Defining authorship | Writing Your Paper | Taylor & Francis

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Defining authorship

Co-authors, corresponding authors, and affiliations

co-author is any person who has made a significant contribution to a journal article. They also share responsibility and accountability for the results. If more than one author writes an article, you’ll choose one person to be the corresponding author. This person will handle all correspondence about the article and sign the publishing agreement on behalf of all the authors. The corresponding author is responsible for ensuring that all the authors’ contact details are correct. You should all agree on the order in which your names will appear in the article. Please also ensure that your affiliations are correct, as explained below.

How common is co-authorship and what are the challenges do collaborating authors face? Our white paper, Co-authorship in the Humanities and Social Sciences: A global view, explores the experiences of 894 researchers from 62 countries.

If you are a named co-author, this means that you:

  1. Made a significant contribution to the work reported, whether that’s in the research conception or design, acquisition of data, analysis and interpretation, or in all these areas.
  2. Have drafted, written, or revised the article.
  3. Reviewed and agreed the final version of the article before submission.
  4. Have agreed on the journal to which your article will be submitted.
  5. Are aware that you are taking responsibility and accountability for the content of the article.
  6. Are aware that the corresponding author will be acting on your behalf in any communication about the article, through submission, peer review, production, and after publication.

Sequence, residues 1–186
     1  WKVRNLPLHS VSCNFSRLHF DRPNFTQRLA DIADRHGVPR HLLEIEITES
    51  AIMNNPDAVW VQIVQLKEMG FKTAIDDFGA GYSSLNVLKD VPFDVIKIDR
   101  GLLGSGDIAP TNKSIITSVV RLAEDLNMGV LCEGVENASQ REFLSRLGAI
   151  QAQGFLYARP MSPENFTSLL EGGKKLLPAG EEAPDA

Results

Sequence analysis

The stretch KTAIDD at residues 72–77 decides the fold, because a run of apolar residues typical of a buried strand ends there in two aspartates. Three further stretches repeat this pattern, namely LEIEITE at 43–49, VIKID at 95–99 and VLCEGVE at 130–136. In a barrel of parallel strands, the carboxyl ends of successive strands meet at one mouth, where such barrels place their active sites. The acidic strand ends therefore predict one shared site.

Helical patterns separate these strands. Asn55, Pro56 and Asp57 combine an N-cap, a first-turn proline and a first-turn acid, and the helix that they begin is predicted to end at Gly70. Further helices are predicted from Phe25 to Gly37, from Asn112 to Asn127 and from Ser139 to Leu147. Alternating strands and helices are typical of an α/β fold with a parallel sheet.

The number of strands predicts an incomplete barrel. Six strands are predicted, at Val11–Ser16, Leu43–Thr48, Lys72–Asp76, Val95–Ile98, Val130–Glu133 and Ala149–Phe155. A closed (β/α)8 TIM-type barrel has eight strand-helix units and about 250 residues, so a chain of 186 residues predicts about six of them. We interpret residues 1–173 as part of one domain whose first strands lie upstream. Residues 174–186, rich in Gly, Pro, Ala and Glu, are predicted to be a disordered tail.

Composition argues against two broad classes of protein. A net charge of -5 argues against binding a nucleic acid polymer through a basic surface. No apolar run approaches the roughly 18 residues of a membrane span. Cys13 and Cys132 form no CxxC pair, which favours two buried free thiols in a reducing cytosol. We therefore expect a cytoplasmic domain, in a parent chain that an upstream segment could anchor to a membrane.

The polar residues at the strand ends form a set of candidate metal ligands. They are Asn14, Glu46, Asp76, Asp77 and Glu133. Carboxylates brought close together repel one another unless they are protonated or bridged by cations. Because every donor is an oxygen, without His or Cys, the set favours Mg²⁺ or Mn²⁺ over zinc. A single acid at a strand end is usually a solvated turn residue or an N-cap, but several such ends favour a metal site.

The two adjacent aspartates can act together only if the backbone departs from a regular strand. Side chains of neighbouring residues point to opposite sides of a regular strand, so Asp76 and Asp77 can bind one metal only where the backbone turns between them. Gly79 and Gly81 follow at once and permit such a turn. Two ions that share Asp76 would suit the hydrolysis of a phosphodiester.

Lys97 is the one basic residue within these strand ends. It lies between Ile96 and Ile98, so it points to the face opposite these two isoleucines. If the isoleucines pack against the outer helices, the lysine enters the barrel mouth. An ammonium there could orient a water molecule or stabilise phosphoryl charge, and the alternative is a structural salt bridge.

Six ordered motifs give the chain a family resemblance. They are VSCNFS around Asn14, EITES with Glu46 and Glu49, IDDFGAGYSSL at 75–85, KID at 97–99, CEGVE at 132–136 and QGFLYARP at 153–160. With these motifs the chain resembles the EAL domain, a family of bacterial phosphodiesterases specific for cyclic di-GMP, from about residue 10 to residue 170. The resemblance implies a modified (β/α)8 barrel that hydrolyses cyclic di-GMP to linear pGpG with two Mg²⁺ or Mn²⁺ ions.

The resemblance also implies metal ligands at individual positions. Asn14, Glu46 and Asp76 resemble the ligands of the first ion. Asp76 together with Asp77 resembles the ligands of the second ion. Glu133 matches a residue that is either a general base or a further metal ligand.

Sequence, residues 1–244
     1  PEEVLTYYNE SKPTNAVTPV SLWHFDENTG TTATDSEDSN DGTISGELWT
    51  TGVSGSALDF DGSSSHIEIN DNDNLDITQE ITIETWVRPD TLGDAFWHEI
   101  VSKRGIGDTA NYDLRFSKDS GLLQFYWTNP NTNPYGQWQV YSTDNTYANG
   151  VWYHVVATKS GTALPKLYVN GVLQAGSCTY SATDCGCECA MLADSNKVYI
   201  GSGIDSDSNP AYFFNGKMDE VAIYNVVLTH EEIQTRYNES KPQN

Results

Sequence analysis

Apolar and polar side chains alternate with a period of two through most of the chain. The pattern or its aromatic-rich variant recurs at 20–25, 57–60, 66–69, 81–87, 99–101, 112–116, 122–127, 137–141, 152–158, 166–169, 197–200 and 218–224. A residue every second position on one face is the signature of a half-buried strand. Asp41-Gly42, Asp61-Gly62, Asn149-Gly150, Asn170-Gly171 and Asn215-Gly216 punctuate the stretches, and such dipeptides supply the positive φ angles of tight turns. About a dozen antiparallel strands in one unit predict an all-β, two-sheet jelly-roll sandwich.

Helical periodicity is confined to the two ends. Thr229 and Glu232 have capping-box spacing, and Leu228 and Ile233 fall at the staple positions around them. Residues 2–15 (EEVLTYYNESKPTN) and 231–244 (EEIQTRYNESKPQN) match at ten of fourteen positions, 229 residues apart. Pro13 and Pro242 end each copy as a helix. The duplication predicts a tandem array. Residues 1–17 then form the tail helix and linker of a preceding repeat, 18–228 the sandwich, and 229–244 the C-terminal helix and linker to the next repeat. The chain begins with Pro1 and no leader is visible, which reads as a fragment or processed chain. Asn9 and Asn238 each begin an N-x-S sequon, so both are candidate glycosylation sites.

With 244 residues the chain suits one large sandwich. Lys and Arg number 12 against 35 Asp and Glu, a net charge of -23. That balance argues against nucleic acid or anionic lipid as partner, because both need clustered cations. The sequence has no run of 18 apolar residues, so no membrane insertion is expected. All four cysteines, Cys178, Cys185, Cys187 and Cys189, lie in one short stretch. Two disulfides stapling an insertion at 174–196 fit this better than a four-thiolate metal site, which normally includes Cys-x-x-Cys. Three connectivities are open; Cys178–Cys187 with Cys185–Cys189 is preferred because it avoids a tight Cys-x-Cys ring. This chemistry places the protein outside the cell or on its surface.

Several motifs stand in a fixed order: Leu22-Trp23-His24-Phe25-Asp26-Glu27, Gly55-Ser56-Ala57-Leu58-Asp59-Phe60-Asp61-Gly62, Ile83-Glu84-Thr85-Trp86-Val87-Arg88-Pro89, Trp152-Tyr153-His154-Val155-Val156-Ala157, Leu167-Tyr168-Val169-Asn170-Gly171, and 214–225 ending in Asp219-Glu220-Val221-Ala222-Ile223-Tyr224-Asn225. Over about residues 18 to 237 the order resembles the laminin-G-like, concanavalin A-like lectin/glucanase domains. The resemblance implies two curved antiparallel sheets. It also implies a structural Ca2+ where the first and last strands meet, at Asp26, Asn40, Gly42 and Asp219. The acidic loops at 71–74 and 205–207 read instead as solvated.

7. Share responsibility with all named co-authors if your article is found to be unsafe, in error, in some way fraudulent, or in breach of the publishing agreement.
Every submission to our medical and health science journals should comply with the International Committee on Medical Journal Ethics’ definition of authorship. Please include any other form of specific personal contribution in the acknowledgments section of your paper.

Affiliations: get it right

Your affiliation in the manuscript should be the institution where you conducted the research. You should also include details of any funding received from that institution. If you have changed affiliation since completing the research, your new affiliation can be acknowledged in a note. We can’t normally make changes to affiliation after the journal accepts your article.


  1. After the journal has accepted your article , if you need to change the co-authors for any reason you should write to the editor of the journal, with a clear reason for the change. This letter must come from all the authors, including the person you are adding or removing. The editor will need to agree to the change.
  2. If the corresponding author changes before the article is published (i.e., if a co-author becomes the corresponding author), please write to the editor of the journal and the production editor, confirming that both authors have agreed the change.
  3. Requested changes to the co-authors or corresponding authors after publication of the article will also be considered, following the authorship guidelines issued by COPE, the Committee on Publication Ethics. Please see our corrections policy for more details.

Agree your corresponding author and the order of co-authors, and check all affiliations and contact details before submitting.

Further reading:

Co-authorship in the Humanities and Social Sciences – our white paper based on a global survey of researchers’ experiences of collaboration.

Discussion Document: Authorship – produced by COPE (Committee on Publication Ethics), this updated guide includes practical advice on addressing the most common ethical issues in this area.

Ethics for authors – guidelines, support, and your checklist.